“In China, They Put Women Out To Pasture at Your Age”
I probably don’t need to tell readers about my penchant for collecting cases in which older employees are the object of ageist comments in the workplace.
That is, all the different names, expressions, and epithets to which such employees are referred as a proxy for “old.”
“For example, you do not call an employee ‘old’ or ‘ancient’ (I once had a case where the boss referred to another employee of the same age as the one he fired as “ancient”) since that is direct evidence of age discrimination. You stay away from calling an employee ‘old school,’ or ‘set in his ways,’ or ‘not a proper fit for the “new environment,’ or ‘lacking in energy.’ And, of yes, ‘Hang up your Superman Cape,’ and ‘get it together you f…. old people’ should also be avoided (although the latter remark can hardly be considered particularly well “coded”).” The same with ‘looks old,’ ‘sounds old on the telephone,’ and is ‘like a bag of bones.’”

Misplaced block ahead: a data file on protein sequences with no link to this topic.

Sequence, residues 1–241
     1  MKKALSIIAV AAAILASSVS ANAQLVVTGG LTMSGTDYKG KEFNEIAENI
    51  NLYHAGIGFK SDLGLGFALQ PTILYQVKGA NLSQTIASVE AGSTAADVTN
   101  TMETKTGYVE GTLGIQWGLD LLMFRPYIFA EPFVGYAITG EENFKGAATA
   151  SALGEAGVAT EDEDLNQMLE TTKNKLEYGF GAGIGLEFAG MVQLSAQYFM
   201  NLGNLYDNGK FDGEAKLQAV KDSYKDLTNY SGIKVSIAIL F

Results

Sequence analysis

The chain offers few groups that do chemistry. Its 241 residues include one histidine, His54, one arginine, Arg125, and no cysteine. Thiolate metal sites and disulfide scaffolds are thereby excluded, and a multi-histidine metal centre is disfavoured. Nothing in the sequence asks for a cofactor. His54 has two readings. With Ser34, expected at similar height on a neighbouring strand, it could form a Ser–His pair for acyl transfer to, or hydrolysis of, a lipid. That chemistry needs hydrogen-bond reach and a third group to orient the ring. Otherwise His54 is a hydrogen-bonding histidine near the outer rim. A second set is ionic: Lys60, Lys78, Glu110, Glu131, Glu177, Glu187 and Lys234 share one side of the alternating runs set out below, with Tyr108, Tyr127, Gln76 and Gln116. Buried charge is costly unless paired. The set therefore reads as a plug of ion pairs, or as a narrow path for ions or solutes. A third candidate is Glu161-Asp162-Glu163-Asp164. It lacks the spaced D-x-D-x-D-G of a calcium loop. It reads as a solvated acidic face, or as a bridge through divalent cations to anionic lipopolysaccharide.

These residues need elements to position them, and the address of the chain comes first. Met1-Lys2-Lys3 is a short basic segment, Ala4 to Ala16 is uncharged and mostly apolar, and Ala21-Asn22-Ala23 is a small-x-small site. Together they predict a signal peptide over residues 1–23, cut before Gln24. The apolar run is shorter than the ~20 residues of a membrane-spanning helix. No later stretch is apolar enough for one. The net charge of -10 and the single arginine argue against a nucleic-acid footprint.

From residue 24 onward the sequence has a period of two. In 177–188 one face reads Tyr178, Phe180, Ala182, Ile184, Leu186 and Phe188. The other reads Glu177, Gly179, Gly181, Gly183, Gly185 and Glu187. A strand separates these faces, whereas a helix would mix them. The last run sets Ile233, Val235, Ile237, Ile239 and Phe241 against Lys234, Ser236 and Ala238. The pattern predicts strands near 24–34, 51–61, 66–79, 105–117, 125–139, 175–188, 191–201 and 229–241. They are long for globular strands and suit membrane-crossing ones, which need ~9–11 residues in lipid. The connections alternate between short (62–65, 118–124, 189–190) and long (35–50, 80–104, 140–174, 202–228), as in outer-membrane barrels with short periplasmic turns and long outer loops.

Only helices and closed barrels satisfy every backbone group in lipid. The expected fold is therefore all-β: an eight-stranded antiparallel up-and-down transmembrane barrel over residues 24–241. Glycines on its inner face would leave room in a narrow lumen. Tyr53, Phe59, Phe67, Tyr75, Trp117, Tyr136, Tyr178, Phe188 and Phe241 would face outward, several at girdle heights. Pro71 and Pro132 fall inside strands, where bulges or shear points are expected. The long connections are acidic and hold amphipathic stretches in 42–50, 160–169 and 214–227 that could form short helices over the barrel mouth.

These comments, of course, will go a long way to finding an employer liable for violating the federal Age Discrimination In Employment Act (“ADEA”), and other similar state and local laws.
Here’s a new one: a former executive assistant at Temple University was told the day before her 57th birthday by her supervisor, that “in China, they put women out to pasture at your age.”
Nice touch! And a good addition to our collection.
The employee sued and was just awarded $850,000 by a federal jury: $350,000 in damages for pain, suffering, and inconvenience; $250,000 in back pay; and $250,000 punitive damages.
That’s some large award.
Don’t call or refer to older employees using ageist terms. In fact, don’t discriminate against older employees. Period.